The strike covered over 10K in 14 production plants
More than 10,000 Deer & Company employees went on strike on Thursday after the company allegedly “failed to present a settlement” to meet the demands and needs of union members.
The United Auto Workers union said its members – who are demanding better living standards, retirement benefits and a better work environment – would be out of work by 11:59 p.m. on October 13 if no agreement was reached.
However, a majority of union members, about 90%, rejected a tentative agreement reached earlier this week by the union and John Deere, even though it would have raised some workers by 5% and others by 6%.
“At John Deere, our members strike for their ability to live a decent life, retire with honor, and establish fair work rules,” said Chuck Browning, UAW’s vice president of agricultural implementation. “We remain committed to bargaining until our members’ goals are achieved.”
UAW Region 4 Director Ron McInroy said, “Thousands of members have already installed pickets at John Deere locations and are “ready to go and fight for a contract that they believe meets their needs.” ”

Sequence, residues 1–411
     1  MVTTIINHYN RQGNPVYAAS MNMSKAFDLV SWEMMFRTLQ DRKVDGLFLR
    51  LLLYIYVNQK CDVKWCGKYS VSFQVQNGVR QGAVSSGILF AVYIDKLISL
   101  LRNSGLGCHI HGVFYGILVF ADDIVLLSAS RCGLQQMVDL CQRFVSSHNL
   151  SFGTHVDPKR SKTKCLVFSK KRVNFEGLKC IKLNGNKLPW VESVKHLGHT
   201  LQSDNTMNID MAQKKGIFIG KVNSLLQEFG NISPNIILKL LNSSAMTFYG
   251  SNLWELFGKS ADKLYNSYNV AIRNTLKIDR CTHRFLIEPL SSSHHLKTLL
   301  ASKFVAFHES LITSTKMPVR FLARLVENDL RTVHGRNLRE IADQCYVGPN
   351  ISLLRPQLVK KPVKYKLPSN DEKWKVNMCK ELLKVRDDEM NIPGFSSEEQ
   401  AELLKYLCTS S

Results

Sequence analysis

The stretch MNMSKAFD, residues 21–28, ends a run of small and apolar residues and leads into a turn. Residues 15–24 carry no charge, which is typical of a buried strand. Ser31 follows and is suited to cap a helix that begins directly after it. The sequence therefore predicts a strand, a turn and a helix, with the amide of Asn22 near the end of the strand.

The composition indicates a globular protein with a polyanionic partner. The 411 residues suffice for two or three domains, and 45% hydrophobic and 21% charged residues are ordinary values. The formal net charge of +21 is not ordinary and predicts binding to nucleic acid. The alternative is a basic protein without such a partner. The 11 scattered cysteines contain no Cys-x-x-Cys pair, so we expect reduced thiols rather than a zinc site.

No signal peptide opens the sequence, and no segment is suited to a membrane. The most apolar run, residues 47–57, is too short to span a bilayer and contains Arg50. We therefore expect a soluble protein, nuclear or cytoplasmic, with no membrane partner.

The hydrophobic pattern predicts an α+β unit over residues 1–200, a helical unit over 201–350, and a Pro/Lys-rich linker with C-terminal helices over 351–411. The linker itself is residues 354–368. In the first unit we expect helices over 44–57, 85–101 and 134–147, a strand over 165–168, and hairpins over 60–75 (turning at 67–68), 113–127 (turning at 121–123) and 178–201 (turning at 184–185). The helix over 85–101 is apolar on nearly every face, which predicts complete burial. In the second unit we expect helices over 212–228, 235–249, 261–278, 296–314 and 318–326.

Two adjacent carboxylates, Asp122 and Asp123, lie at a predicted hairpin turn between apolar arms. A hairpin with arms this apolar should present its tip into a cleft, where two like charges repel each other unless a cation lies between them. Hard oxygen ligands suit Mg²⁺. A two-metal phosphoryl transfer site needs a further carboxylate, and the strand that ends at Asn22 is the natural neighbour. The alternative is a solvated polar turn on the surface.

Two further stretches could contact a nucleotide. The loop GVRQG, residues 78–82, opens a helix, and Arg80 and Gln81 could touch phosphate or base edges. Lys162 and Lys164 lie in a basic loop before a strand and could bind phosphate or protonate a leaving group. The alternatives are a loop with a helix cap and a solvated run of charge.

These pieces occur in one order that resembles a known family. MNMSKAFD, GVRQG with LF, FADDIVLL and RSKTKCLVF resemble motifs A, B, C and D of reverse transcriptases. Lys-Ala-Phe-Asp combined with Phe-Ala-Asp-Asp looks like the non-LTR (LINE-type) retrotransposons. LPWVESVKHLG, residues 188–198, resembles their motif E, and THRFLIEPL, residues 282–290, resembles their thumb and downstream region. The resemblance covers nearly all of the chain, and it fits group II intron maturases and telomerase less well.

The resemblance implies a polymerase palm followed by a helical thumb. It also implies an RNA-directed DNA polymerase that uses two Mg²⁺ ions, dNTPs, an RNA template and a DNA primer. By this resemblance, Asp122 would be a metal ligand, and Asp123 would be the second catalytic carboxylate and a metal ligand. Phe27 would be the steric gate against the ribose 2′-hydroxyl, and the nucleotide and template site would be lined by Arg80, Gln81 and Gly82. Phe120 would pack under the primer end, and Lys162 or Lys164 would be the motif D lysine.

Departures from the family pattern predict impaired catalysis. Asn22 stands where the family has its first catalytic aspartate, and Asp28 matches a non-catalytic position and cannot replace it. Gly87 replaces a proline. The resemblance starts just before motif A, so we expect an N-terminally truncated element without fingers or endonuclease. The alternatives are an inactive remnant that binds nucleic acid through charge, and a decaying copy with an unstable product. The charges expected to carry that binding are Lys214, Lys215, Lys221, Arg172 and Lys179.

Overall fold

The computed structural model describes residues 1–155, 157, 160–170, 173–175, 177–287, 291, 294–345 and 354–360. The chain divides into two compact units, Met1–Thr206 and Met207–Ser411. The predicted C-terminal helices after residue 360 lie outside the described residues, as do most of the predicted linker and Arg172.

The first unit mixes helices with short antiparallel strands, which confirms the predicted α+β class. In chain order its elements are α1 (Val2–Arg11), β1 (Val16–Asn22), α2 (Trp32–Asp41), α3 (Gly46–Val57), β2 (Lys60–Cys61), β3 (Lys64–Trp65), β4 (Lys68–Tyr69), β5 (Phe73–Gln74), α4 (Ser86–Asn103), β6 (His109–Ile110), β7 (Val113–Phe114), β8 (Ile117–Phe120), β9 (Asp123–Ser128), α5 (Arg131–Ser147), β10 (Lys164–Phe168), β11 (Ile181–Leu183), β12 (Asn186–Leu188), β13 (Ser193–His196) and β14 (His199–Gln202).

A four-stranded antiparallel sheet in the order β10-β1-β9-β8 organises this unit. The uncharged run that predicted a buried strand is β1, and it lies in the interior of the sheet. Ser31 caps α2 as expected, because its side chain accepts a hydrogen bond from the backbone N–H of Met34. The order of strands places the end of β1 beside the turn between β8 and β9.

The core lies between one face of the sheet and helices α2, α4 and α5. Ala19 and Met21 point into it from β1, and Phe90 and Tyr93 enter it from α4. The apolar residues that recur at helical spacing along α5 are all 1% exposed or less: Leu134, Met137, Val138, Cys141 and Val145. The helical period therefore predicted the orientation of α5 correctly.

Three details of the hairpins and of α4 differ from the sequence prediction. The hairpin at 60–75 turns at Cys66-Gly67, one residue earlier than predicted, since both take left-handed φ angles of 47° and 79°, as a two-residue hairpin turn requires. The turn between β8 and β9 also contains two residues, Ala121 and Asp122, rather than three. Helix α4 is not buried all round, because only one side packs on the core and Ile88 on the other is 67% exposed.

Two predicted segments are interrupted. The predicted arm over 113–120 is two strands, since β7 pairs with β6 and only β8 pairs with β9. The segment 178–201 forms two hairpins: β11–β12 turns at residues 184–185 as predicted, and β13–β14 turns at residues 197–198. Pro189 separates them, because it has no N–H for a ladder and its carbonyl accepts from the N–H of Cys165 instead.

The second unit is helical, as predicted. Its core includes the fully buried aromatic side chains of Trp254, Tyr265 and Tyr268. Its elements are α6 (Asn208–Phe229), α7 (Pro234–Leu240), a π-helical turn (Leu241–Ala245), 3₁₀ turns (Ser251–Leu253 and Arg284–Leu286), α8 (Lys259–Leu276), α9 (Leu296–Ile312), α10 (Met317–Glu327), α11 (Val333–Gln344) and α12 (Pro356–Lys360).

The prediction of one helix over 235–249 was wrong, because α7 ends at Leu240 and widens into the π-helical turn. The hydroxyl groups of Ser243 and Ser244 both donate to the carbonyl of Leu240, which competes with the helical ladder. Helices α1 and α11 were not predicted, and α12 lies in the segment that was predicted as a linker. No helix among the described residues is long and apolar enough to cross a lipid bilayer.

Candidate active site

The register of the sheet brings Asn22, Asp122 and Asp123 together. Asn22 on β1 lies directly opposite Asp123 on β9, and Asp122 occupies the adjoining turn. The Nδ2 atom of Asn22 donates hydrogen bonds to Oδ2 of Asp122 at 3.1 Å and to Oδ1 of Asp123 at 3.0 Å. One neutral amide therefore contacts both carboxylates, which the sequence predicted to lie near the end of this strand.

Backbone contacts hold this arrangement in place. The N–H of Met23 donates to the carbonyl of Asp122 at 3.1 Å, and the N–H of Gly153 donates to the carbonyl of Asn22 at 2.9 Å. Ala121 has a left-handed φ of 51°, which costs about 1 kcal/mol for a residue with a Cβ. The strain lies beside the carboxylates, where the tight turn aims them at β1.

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Meanwhile, Brad Morris, Deere & Company’s vice president of labor relations, said the company remains committed to a favorable outcome for our employees, our communities and everyone involved.
Morris said the company wants to reach an agreement “that will place every worker in a better economic position and continue to make them the highest-paid workers in the agriculture and construction industries.”
Strike looms as John Deere, UAW can’t reach deal
The strike, which involves about 14 Deere plants across the United States, has drawn concerns from local officials.
Deere production plants are a significant contributor to the economy, so local officials expect any strike to be short-lived.
“We certainly want to see our economy stabilize and grow after the impact of the COVID-19 pandemic,” Molin Mayor Sangeeta Rayapati told the Quad-Cities Times. “Hopefully these parties can come to a resolution soon.”